The Jansson Family Story
One moment can turn an entire family's life upside down - and that's exactly what happened to the Janssons when eight-year-old Samuel lost feeling in his leg one day...
“Our son never experienced any medical issues, but when he complained of having back and neck pain and it was affecting his sleep, my husband Markus and I knew that we had to take our son to the emergency room," says Elin, Samuel's mother. Doctors quickly ordered an MRI and by the time Samuel was scheduled to go in, his arms had gone completely numb. The MRI showed a bleed in Samuel's spinal cord known as a spinal cavernoma, an abnormal cluster of capillaries and venules that create a lesion in the spinal cord.
Three weeks after Samuel's condition was discovered, doctors performed surgery to put a stop to the bleeding. "The doctors told us that the bleed caused damage, but they were not familiar with this particular condition in children and therefore provided little insight into this type of spinal cord injury. They just told us that our son would never walk again," says Elin. Unwilling to accept this bleak prognosis, Elin and Markus simple could not accept that as the final answer for their son, so they started researching studies on intensive therapies and hospitals that specialized in treating spinal conditions. "We couldn't live with ourselves knowing that we didn't try our best for our son even if it meant exhausting every last resource we had," says Elin.
Heartbroken, but determined to find an answer, Elin and Markus would not rest until they found it - no matter where it took their family. Their answer was at Shriner's Hospitals for Children in Philadelphia - a long distance from their home in Sweden. As Elin explains, "Our family friend is a doctor in the United States and helped us research hospitals to treat Samuel - we found out that Shriners could help our son and they would do it for free. We could not believe that such a hospital existed," says Elin. The Janssons moved quickly and before they knew it, they were walking through the doors of Shriners with all of their belongings in a suitcase, not knowing how long they would be away from home.
For the first two weeks, Elin and her husband stayed bedside with Samuel as he received around-the-clock care. "By the second day that we were at Shriners, the therapists had Samuel standing on his feet and holding onto the parallel bars - we couldn't believe it. The doctors and staff were incredible and while they never promised us anything, they gave us a tremendous sense of hope that we previously did not have," says Elin. Although filled with a newfound sense of hope for her son and his recovery, Samuel's mother was still very preoccupied with what she calls "practical concerns" for her family. Where would they sleep once Samuel was no longer in-patient? What would they eat? How would they get to and from the hospital? That's when their social worker told them about the Ronald McDonald House.
As Samuel's condition improved, he was no longer required to be in-patient and the family stayed at the Ronald McDonald House of Southern New Jersey for one month due to space limitations at the Philadelphia Ronald McDonald House at Front & Erie. Once a room was available, the family moved to the Front & Erie House, where they stayed for over a month. "Before coming to the United States, I was so unsure of how everything would work out, but all of that was solved when we got to the House and I didn't have to worry about anything," says Elin.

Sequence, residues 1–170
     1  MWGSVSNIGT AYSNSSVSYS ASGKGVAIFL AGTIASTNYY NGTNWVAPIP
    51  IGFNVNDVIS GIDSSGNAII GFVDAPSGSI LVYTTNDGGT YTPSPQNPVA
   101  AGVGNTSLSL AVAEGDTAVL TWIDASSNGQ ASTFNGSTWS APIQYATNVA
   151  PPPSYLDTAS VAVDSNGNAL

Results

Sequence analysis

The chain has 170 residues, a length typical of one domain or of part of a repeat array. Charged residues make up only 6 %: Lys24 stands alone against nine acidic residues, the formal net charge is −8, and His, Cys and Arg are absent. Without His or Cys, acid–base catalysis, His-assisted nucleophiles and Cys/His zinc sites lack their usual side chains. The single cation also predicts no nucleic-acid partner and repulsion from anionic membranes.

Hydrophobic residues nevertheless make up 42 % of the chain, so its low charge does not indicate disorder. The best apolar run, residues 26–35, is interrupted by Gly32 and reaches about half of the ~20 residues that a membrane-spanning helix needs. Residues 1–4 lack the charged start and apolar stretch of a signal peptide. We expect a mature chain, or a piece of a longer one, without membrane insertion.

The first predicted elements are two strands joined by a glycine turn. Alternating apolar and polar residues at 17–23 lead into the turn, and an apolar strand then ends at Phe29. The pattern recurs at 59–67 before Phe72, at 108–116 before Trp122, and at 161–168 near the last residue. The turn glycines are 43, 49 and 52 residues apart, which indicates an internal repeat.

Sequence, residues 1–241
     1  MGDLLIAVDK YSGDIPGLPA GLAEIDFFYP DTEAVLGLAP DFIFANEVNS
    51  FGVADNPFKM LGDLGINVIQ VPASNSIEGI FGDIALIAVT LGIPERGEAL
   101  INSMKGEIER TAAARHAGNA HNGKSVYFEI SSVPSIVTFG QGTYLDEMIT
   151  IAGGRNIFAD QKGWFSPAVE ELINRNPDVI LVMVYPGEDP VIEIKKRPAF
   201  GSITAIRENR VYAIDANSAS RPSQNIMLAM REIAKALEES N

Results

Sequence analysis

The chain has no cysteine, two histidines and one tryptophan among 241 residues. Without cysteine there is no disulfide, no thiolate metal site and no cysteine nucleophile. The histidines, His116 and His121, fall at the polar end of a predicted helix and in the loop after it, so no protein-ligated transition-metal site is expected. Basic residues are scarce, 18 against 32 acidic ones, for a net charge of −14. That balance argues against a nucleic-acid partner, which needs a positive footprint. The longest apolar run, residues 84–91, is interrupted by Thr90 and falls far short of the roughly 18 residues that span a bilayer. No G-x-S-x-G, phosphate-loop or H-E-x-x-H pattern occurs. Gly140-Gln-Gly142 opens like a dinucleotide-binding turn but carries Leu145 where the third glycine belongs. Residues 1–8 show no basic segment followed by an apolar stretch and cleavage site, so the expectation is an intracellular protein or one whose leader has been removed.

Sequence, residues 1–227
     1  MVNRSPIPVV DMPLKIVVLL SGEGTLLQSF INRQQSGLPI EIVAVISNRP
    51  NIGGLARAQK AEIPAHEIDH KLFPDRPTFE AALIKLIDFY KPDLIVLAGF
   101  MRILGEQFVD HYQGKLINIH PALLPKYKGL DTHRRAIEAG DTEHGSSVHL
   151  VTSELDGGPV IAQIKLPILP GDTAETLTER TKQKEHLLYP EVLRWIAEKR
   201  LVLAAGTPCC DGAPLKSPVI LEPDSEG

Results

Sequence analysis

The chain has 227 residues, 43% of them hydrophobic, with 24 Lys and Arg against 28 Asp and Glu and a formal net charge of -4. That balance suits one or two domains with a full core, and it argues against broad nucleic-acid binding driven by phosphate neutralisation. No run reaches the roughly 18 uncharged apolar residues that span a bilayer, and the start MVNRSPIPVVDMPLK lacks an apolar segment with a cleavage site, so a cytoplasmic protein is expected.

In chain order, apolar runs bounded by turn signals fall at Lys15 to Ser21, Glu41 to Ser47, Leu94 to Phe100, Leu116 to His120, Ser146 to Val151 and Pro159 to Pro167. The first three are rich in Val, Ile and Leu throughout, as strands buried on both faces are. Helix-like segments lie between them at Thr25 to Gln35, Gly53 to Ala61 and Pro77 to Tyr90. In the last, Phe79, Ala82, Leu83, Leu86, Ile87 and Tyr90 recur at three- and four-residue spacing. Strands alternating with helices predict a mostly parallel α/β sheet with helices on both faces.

The Philadelphia Ronald McDonald House serves as a place of much-needed rest and recuperation for the Janssons and it also provides an opportunity to experience new things in the City of Brotherly Love. Since their arrival, Samuel and his family have gone to the Philadelphia Zoo, a Phillies game, a Flyers game, and to Dave and Busters - all thanks to the generosity of these organizations, teams, and businesses. "Of course Samuel misses his friends, but he loves being around the children at the House and doing activities with them - he especially loves when the therapy dogs visit. For me, the parent support group has been so helpful, I would never have had the experience of meeting other parents from all over the world who are going through a medical crisis like my family is and we have an instant bond, it's very special," says Elin.
Last year alone, the Philadelphia Ronald McDonald House served 2,194 families from 44 states and 18 countries - families like the Janssons, who transplant their entire lives for a chance to hear a doctor say, "I can help your child." When a family makes that difficult decision, we are there to support them in their greatest time of need. "It's amazing that a place like this exists and as a mother I am so grateful for the support that we have received. I have also noticed that Samuel's compassion and empathy for others has grown as a result of seeing other children who are going through a difficult time like he is. It doesn't matter what country you are from or if you speak the same language because at the Ronald McDonald House it's all about love and support, and you don't need words to understand that," says Elin.